The president wanted to hit a grand slam at his first all-hands meeting with employees watching the broadcast from around the world. Obviously, engaging those seated in the large auditorium in front of him would be easier. But he didn’t want to miss this first opportunity to win their confidence and trust that he could handle the job left vacant by his predecessor.
“So you said you plan to open with a story about your time in Germany as a young sales manager and what you learned from failure with a client there. Let’s hear it,” I said in our coaching session together. He took his place at the front of the room. I flipped on the video to record, and he began.
“So what do you think?” he asked after finishing.
“Good energy. Passionate delivery,” I said. “But it’s not exactly a story.”
He looked dumbfounded.
I went on to explain the difference between an anecdote and a story.
His face turned red. Sheepishly, he asked, “Am I the only executive who has missed that difference during their entire career?”
I assured him that he was not. A quick-study, he took the situation from his experience in Germany, and we shaped it into a great story to use in his “debut” speech. And I heard from several sources on my return trips to the company that he won their allegiance that day because it illustrated his humility and willingness to take a risk—and that he’d become an outstanding storyteller.
What you’ve just read above is an anecdote—not a story.
The Difference Between Anecdotes and Stories
An anecdote is an incident that’s usually amusing, odd, sad, or tragic. Typically, they illustrate a point. Other anecdotes that are biographical or autobiographical often serve to reflect someone’s personality, attitude, or philosophy.
Stories, on the other hand, have an “official” literary definition that you may recall from English class: A hero or heroine struggles to overcome obstacles to reach an important goal. (Of course, that “hero” might be an organization struggling to stay afloat and avoid bankruptcy. Or the “hero” might be a new product developed on a shoe-string budget struggling to become number one in the market. Or the “hero” might be a team fighting to prove its worth and avoid being laid off during a merger.) You get the idea.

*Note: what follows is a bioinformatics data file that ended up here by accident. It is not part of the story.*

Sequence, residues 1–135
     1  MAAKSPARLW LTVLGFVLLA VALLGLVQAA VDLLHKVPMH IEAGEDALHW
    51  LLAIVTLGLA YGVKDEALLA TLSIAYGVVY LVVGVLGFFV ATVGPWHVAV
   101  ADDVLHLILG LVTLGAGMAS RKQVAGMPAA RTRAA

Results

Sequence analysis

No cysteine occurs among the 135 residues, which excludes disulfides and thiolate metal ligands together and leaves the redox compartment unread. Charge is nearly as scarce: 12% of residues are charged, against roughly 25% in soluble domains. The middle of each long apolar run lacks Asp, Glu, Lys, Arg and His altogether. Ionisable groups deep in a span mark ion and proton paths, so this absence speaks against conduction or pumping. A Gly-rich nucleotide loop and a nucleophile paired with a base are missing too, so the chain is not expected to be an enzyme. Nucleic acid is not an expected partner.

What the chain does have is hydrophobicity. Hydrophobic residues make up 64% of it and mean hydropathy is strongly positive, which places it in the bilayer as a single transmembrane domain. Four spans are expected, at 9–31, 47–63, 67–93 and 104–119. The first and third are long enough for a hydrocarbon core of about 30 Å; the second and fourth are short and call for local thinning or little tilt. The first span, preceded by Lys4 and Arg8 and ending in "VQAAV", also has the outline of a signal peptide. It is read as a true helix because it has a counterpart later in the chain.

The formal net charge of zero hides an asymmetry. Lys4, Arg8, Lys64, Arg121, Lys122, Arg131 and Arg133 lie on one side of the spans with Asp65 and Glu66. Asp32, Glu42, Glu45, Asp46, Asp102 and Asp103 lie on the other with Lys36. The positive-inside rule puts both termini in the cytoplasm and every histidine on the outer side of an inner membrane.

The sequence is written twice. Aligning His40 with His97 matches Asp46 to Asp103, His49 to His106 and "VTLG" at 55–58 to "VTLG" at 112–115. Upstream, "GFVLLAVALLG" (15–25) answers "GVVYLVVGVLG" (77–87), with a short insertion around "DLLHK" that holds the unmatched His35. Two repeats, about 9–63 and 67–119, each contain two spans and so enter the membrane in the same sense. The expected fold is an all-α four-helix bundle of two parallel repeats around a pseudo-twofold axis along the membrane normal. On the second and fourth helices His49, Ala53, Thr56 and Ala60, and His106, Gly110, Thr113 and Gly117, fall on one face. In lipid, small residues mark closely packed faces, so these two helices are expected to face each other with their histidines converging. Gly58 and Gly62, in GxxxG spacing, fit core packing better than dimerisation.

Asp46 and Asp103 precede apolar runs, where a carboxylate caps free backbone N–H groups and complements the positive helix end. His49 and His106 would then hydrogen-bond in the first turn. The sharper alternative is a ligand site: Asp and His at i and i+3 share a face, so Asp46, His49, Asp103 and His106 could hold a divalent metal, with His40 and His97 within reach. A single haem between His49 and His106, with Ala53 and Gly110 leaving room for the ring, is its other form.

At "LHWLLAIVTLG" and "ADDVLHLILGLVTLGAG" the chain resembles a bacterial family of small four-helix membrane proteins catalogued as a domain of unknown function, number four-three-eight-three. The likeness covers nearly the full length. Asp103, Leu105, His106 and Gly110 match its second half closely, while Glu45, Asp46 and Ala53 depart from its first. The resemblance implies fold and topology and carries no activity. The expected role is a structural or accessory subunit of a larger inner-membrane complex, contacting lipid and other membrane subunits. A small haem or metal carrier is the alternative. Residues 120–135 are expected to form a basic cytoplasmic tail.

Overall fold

So why should you care? As a leader, CEO, politician, coach, speaker, entrepreneur—why nit-pick about this issue?
4 Persuasive Pluses for the Story
Stories involve the listener in the struggle. As the hero overcomes this and that setback, the listener identifies with similar problems—or at least the frustrations and disappointment such problems cause. Empathy sets in. Listeners (employees, spouse, coworkers, suppliers) can begin to identify with the hero in the story, trying to solve the problem and reach the goal.
Stories forge a deeper involvement and engage emotions on many levels. The details necessary to set the scene and structure the story involve multiple senses: The physical scene. The appearance of people, things, or places. Fear. Beauty. Starkness. Hearing—conversations, disturbances, arguments, laughter. Withdrawal. Shyness. Mockery.
Stories bring closure on a significant goal. Listeners actually feel a sense of closure and satisfaction after the story “ends” in much the same way they feel at the end of a movie. Whether the movie or story ends “happily ever after” or butts up against some harsh reality, still there is closure—a truth to be processed and internalized.
Stories are memorable because they have structure. Although good speakers know how to tell even an anecdote well, a story stays in the psyche because it has a definite arch that is always the same: Beginning, middle, end. Not so with an anecdote. Anecdotes can simply be a slice of life.
Steve Jobs told stories to launch his Apple products successfully. Warren Buffet tells stories about his investment strategies and philosophies. Presidents and world leaders tell stories about what they’ve achieved while in office and where they want to take the country in the future.
The next time you need to inspire your team, launch a new vision, or motivate people as a leader, perfect great stories.
About the Author:
Dianna Booher is the bestselling author of more than 46 books, published in 26 languages. She consults, writes, and speaks on leadership communication, executive presence, productivity, and faith. Her latest books include What MORE Can I Say: Why Communication Fails and What to Do About It, Creating Personal Presence: Look, Talk, Think, and Act Like a Leader and Communicate With Confidence, Revised and Expanded Edition. National media such as Good Morning America, USA Today, the Wall Street Journal, Investor’s Business Daily, and Bloomberg have interviewed her for opinions on critical workplace communication issues. For more information, visit www.BooherResearch.com